Permanent and Infinite (The Risks the Auction Houses Take with Guarantees)


‘Permanent and Infinite" is the first of a series of monthly and possibly bi-monthly articles I will publish on Artnet News and, subsequently, post on my blog The writings will focus on art, the economics of art, art markets, art fraud, art crime, amongst other related topics. As I have tried to do in the past, taking seemingly complex topics and reducing them to their parts, which I will try to accomplish again. I welcome interaction and, when possible, will be responsive.

 While we are frustrated by the lack of transparency and the implications for “level playing field” purchases in guaranteed sales, we neither focus on the extent of the problem nor the advantages to buyers.

How many guarantees for the Contemporary night sales?

Sotheby’s has guaranteed or arranged guarantees on 39 works of art out of a total of 81 pieces in the sale. The dollar amount of these guarantees we estimate to be in excess of $200,000,000. 

Christie’s has guaranteed or arranged guarantees for 39 works as well out of a total of 72 total works for sale. We believe Christie’s guarantees to exceed $250,000,000 in value.

The public in this auction, other than the guarantors will not be informed of the most recent provenance (sometimes even past provenance), the terms of the guarantees (profit shares, commission shares, financing fees etc.), the edge the guarantor has over other bidders should he buy the work and many other salient issues, even, at times, whether the work sold or not. Clearly, the guarantor is participating on better terms than any other bidder for the art work. One would think that this glitch in a “level playing field” would deter bidders from trying to purchase guaranteed lots. But, in fact, guaranteed lots offer a huge advantage to non-guarantor bidders. 

 Guarantees Become Securities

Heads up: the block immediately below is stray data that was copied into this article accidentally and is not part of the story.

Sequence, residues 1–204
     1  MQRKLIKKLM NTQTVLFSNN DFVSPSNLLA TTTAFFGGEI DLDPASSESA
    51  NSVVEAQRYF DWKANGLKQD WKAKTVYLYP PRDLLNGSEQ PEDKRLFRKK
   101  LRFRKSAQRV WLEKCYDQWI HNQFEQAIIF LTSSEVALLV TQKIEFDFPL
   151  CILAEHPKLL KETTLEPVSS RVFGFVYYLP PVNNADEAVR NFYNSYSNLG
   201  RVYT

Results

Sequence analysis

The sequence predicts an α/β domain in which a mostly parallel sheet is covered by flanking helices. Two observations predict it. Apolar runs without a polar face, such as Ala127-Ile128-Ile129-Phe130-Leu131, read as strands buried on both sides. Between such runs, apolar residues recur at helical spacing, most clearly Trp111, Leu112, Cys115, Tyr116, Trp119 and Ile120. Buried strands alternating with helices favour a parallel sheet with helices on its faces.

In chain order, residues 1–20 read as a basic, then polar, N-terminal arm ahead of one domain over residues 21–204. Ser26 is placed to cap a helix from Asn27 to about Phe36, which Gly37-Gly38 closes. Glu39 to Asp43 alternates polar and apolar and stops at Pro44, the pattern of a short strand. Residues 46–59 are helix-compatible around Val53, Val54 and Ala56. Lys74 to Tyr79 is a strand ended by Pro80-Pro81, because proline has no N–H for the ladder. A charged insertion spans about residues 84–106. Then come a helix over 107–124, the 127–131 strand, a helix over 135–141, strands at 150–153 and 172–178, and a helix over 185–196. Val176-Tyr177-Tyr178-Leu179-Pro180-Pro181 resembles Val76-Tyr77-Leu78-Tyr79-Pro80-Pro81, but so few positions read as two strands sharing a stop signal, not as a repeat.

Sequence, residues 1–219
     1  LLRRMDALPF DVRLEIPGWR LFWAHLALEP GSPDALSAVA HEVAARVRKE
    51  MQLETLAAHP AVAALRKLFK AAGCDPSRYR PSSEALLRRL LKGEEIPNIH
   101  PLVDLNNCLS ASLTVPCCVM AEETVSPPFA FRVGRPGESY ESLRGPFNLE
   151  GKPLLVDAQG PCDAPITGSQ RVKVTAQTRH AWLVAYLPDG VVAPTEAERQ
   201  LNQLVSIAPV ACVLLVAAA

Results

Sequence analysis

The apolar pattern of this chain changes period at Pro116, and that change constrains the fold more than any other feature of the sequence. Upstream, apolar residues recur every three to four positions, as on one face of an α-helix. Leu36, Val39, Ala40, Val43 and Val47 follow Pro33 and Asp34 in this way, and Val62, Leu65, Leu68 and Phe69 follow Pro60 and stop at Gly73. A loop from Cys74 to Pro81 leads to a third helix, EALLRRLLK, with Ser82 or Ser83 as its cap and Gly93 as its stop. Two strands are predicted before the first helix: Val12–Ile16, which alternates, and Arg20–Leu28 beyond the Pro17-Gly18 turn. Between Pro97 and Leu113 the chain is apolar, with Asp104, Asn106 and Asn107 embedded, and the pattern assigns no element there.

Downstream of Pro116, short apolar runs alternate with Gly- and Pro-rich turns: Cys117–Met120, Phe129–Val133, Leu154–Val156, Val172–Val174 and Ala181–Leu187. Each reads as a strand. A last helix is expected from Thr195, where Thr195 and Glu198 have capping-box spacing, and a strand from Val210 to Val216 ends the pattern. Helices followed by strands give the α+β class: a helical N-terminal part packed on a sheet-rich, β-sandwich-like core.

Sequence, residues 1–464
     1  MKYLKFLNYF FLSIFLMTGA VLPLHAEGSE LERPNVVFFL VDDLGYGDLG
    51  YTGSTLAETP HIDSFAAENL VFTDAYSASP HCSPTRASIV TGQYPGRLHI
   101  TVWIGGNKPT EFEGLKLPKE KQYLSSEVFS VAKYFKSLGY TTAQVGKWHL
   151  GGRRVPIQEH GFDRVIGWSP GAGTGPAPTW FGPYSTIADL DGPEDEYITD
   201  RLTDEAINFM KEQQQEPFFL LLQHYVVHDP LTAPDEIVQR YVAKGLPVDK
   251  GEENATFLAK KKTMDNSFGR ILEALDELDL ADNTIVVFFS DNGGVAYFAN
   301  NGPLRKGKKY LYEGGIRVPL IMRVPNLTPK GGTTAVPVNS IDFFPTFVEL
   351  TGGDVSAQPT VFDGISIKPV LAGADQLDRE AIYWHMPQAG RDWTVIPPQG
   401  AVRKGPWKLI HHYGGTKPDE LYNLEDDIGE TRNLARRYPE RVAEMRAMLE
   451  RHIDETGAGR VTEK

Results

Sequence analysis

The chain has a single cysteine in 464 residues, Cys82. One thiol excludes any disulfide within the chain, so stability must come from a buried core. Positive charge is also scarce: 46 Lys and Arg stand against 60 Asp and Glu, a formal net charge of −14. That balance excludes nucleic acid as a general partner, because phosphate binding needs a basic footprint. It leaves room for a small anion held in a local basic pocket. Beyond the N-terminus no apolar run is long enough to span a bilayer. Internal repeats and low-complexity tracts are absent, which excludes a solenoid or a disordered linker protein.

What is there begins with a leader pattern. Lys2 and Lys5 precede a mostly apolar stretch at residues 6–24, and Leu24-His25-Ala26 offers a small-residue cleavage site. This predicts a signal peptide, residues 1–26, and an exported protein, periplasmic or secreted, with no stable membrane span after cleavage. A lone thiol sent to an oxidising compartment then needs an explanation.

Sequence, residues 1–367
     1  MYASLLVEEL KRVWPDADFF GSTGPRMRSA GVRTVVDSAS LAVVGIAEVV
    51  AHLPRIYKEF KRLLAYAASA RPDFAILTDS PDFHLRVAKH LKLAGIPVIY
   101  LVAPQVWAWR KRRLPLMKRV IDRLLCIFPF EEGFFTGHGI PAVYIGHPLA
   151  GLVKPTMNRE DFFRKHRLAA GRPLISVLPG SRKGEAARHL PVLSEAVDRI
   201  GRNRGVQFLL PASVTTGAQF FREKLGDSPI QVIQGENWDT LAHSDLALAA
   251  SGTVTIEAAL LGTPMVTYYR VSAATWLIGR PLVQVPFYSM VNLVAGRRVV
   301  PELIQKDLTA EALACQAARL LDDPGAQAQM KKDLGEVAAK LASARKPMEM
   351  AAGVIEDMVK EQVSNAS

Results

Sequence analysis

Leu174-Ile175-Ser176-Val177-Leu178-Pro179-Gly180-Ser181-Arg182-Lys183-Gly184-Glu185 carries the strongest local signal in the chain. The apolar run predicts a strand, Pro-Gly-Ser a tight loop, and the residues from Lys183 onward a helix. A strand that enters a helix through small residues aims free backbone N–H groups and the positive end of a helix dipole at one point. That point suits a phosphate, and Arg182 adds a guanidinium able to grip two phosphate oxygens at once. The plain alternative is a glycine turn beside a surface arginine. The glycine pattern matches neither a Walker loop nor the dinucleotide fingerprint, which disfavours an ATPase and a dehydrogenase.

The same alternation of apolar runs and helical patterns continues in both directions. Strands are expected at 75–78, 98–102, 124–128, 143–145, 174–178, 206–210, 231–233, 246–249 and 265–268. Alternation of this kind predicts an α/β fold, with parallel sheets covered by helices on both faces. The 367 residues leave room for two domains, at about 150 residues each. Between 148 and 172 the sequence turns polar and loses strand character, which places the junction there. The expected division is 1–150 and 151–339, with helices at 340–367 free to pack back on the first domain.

As has always been evident in the last years, Guarantees are arranged through the auspices of the auction houses, often with the auction houses committing or financing the guarantee early on and then replacing or reselling the guarantee to an investor or collector. The auction houses act as underwriters of these transactions, often as principal before, during or after the sale is put together. Not all are passed on to third parties.

The auction house (underwriter) has mated an asset with a financial product (guarantee) and then offered that combination (by definition a security) to the public through the auction process. Presently, there has been little focus on the idea that the asset (a work of art) and the financial product (the guarantee) when lumped together constitute a security. If, indeed, these offerings are securities then there are disclosure rules which need to have been and need to be followed. You would not offer a preferred stock without telling the buyer the interest rate or the low allowable issue price. One would need to indicate who was selling, the company or shareholder, the distribution of funds and of commissions would have to be designated specifically etc etc etc. None of these rules have been followed in the case of offering guaranteed priced art. In fact even the actual sale prices are distorted by the nature of the guarantee.

 If the package (guarantee plus artwork) constitutes a security and the concomitant level of disclosure is not offered to the buyers it is possible that the underwriter (auction house) could be permanently liable for any losses incurred by buyers of guaranteed lots whether the house, itself, was the continuing guarantor or it had laid off the bet on a third party.

 Will this observation prompt additional disclosure in the auction process? Will it draw in buyers who will view it as a secondary guarantee against their future losses? Will the excessive speculative climate experienced in the evening sales subside? Will the regulators come knocking at the door? All is possible but the best result will be full disclosure and a return to a level playing field.

Asher Edelman


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